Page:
Reckless endangerment

posted May 07, 2021 at 12:05 am
by  Ernesto M. Hilario

Reckless endangerment"It is Duterte himself who has encouraged the security sector to bear down hard on suspected communist supporters."

 

 

For more than two years, lawyers and lawmakers couldn't quite put a finger on it. It was clearly a crime, except that it was done in the name of national security and counter-terrorism. But how can the noblest of intentions ever justify what amounts to a virtual death warrant for those who hold contrary opinions and are demanding social change?

Horrified by what appears to be a frenzied attempt by the National Task Force to End Local Communist Armed Conflict (NTF-ELCAC) to whip up an anti-communist hysteria in the country and openly brand legal Left personalities and organizations as supporters of the New People's Army (NPA), the armed component of the Communist Party of the Philippines (CPP), Senate Minority Leader Franklin Drilon has filed a bill that would punish so-called 'Red-tagging' by state agents.

Senate Bill 2121 defines Red-tagging as the labeling, vilifying, branding, naming, accusing, harassing, persecuting, stereotyping, or caricaturing individuals, groups, or organizations as "state enemies, left-leaning, subversives, communists, or terrorists as part of a counter-insurgency or anti-terrorism strategy or program."

"Any state actor, such as a law enforcement agent, paramilitary, or military personnel," guilty of perpetrating these acts "shall suffer the penalty of imprisonment of ten (10) years and perpetual absolute disqualification to hold public office."

A former Justice Secretary, Drilon knows whereof he speaks. In his explanatory note in the bill, he decried the "unprecedented rapid escalation of...the State’s malicious labeling and stereotyping of individuals or groups as communists or terrorists."

Upset by what he sees as the "institutionalization and normalization of human rights violations," Drilon said his proposed measure seeks to "fix the legal gaps, address impunity and institutionalize a system of accountability," as well as remind the government of its primary duty under the Constitution to "serve and protect."

Drilon's bill in fact takes exception to the Senate defense committee report dated Feb. 22, 2021 which concluded that legal remedies "are sufficient and available for personalities or groups that have been the subject of the so- called 'Red-tagging.'" We take note that opposition Sen. Risa Hontiveros was the only member of the committee who disagreed with the conclusion reached by the majority.  

Drilon is correct in saying that "there are no sufficient and available legal remedies for victims of Red-tagging...Victims are left without proper recourse against their perpetrators and are forced to file seemingly-appropriate-but-not-quite cases, like libel and grave threats," he pointed out. "Libel, or grave threats, is not appropriate where a state agent vilifies a person as an enemy of the state, thereby impinging on the rights of that individual."

Interestingly, the Drilon bill has found support from no less than Justice Secretary Menardo Guevarra, who told media that Red-tagging by certain government officials  has become “quite disturbing” as he backed legislation to criminalize the practice.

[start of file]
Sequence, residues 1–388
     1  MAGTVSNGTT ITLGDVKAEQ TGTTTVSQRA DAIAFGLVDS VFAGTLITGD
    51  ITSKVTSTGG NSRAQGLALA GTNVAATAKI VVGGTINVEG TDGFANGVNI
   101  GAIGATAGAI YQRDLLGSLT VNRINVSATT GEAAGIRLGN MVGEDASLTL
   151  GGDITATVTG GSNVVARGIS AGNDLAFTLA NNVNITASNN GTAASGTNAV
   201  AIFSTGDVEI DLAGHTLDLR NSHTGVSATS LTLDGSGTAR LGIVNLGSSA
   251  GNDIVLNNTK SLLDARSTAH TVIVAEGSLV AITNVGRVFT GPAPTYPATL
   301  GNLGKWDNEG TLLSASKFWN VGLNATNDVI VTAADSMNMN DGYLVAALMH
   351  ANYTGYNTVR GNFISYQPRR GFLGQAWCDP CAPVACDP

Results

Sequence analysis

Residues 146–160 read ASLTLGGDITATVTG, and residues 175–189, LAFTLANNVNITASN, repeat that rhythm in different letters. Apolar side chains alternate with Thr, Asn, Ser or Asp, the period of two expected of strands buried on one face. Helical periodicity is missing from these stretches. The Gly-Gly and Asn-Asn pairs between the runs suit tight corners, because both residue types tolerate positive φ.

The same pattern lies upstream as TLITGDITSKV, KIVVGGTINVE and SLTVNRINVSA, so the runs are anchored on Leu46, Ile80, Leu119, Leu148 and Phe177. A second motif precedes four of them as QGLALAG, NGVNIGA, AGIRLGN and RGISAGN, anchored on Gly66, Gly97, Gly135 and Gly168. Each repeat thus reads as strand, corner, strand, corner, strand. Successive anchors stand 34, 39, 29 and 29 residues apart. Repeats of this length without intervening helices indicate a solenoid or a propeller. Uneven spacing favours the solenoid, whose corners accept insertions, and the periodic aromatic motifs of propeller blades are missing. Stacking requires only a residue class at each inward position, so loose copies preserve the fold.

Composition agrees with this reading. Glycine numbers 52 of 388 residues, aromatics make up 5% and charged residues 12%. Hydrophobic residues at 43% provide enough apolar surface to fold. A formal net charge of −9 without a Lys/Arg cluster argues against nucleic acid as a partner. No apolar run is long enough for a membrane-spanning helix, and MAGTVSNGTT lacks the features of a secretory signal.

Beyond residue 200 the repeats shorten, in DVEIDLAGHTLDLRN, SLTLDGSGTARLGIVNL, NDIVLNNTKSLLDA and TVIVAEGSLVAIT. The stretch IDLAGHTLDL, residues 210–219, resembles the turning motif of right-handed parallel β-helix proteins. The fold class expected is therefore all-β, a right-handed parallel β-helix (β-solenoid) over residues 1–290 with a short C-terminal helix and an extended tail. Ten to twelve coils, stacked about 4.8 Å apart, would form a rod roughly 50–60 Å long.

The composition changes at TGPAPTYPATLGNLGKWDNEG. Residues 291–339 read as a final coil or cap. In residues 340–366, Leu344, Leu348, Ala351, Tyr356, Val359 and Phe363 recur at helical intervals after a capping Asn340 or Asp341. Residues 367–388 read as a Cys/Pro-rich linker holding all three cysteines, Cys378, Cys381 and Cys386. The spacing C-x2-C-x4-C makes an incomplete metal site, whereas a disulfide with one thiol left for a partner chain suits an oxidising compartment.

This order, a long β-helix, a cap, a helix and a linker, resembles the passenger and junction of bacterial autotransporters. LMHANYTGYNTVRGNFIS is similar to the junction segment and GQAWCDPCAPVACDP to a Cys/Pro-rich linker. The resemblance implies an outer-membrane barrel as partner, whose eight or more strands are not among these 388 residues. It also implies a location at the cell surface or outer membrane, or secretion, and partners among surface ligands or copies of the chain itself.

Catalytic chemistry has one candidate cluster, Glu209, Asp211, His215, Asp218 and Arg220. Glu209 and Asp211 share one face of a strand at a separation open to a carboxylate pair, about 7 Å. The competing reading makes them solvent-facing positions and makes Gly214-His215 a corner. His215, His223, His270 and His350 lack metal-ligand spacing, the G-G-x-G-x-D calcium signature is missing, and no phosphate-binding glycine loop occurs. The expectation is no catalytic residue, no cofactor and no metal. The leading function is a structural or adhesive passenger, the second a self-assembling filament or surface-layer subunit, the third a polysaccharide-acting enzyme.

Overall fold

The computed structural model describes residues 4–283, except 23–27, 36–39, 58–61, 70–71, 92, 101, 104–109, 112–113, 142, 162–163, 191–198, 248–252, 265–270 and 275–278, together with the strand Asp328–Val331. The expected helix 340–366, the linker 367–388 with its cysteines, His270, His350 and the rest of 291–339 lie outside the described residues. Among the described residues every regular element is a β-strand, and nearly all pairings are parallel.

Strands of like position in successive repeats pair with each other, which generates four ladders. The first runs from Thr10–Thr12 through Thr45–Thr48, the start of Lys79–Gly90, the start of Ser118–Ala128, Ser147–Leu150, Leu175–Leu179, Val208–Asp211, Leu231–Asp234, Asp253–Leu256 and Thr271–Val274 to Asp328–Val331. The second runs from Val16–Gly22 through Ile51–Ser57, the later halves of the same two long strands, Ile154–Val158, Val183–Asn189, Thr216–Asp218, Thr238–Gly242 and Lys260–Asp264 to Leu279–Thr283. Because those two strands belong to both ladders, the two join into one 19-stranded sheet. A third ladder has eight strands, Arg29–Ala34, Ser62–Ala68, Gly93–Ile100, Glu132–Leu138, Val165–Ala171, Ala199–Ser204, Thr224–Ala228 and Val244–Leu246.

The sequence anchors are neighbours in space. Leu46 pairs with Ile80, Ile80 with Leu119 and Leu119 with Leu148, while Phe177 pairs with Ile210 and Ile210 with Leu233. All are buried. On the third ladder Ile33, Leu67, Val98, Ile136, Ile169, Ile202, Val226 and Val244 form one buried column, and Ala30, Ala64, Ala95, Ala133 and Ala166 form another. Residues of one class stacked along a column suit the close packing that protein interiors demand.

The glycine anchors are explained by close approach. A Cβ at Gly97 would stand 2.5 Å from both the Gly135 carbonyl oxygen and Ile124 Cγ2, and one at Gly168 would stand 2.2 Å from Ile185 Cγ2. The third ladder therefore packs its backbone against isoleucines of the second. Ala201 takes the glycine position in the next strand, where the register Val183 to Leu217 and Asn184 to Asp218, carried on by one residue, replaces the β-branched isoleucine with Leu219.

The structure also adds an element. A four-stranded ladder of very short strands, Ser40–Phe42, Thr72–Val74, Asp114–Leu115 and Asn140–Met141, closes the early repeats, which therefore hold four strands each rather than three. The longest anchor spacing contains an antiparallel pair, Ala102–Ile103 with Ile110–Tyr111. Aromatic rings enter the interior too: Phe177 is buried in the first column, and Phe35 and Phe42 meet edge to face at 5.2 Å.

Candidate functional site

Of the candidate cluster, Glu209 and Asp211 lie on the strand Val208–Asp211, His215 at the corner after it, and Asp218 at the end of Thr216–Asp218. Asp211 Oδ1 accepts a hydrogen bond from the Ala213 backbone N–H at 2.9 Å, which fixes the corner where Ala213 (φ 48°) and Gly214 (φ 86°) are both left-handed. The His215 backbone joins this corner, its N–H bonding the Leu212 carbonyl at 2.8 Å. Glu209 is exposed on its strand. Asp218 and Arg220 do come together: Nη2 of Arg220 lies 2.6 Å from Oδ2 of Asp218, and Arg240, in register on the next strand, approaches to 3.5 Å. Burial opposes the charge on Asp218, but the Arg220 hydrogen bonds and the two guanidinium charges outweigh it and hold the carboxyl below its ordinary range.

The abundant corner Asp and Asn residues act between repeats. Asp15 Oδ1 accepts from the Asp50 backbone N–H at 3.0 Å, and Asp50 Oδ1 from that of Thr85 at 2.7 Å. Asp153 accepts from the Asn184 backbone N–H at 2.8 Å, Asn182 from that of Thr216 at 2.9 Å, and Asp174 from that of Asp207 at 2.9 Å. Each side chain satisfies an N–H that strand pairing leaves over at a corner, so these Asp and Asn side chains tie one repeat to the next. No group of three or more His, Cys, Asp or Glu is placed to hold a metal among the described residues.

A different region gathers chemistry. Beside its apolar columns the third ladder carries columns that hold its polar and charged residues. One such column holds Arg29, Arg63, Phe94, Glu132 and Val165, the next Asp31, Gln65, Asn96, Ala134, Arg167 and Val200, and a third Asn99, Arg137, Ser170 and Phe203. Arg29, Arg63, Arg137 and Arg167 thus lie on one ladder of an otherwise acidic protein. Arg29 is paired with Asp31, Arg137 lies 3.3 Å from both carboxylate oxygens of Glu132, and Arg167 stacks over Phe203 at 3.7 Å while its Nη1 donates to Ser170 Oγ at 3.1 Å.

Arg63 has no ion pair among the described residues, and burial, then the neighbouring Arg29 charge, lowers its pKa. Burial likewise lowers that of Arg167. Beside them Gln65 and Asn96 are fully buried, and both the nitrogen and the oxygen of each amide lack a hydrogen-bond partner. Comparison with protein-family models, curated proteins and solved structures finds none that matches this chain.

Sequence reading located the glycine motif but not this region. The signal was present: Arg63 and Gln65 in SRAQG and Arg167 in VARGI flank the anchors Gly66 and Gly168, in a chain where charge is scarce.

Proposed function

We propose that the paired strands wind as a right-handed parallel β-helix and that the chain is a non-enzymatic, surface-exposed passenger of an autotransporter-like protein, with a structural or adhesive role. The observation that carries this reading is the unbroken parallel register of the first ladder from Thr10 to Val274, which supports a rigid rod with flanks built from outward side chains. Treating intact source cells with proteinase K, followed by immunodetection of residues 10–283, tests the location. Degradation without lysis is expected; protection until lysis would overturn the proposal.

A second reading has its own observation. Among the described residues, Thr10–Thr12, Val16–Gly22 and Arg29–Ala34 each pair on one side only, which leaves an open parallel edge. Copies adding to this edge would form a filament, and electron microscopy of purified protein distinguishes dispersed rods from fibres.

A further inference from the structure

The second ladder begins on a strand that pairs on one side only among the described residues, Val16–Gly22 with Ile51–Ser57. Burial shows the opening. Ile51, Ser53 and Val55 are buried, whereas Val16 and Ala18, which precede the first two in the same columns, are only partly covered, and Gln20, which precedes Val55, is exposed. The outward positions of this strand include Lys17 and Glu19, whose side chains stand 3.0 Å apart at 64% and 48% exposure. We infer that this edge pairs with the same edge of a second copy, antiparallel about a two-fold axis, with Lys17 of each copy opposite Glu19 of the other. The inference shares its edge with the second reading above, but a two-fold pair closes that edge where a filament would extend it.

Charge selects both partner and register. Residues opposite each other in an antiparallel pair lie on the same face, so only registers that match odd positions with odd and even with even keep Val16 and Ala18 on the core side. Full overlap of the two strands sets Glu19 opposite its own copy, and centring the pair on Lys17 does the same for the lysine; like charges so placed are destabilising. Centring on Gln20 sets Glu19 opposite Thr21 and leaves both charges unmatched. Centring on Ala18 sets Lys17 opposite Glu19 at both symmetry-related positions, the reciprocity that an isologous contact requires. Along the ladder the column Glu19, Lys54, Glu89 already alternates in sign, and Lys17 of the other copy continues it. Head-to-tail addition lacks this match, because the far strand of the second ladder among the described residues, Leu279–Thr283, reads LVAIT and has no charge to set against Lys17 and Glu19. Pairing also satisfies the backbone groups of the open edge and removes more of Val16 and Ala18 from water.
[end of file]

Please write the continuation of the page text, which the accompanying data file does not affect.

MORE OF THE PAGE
As of now, Guevarra observed, the acts deemed Red-tagging are not punishable exactly for what they are, so the best that could be done is to file complaints which are somehow related to but do not really capture the essence of the acts being complained of. Hence, Congress should pass the appropriate legislation. “It would be best for Congress to enact a law clearly defining and expressly penalizing what is loosely called today as ‘Red-tagging.’"

Drilon has lauded Guevarra for acknowledging the lack of sufficient and available remedies for victims of Red-tagging: "The opinion of the Secretary of Justice that there is a gap in the law as Red-tagging is presently not a criminal offense under our laws makes the passage of SB 2121 which we filed imperative...Red-tagging threatens the life, liberty, and security of a person... being Red-tagged sometimes serves as a death warrant."

Guevarra's stand on the issue underscores the need to uphold the rule of law and contradicts the position taken by NTF-ELCAC. But we doubt if the Justice Secretary's opinion reflects the thinking of Mr. Duterte, who has ordered State security forces to go hammer and tongs after the CPP-NPA after the collapse of the peace talks in late 2017.

The Drilon bill is also supported by two groups that have been on the receiving end of virulent Red-tagging by the NTF-ELCAC.  

For the human rights watchdog Karapatan, "Red-tagging should have no place in a democratic society, and we believe that such measure to penalize it is especially urgent now amid the government's massive Red-tagging campaign targeting human rights defenders, civil society organizations, political activists, and dissenters, and government critics."

For its part, the National Union of Journalists of the Philippines, whose members have also been Red-tagged by state agents, lamented that the practice "has often led to harassment and violence against its targets and NUJP welcomes moves that will protect journalists from these threats and hold those making them to account."

We fully support the passage of the Drilon bill. But in asking Mr. Duterte to certify the bill as urgent, the senator seems to be asking for the impossible.

The fact is that it is Duterte himself who has encouraged the security sector to bear down hard on suspected communist supporters, even if these are working in legal organizations, as part of his vow to put a definitive end to the armed rebellion by the time he bows out of office on June 30, 2022. 

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Topics: NTF-ELCAC , Communist Party of the Philippines , Franklin Drilon
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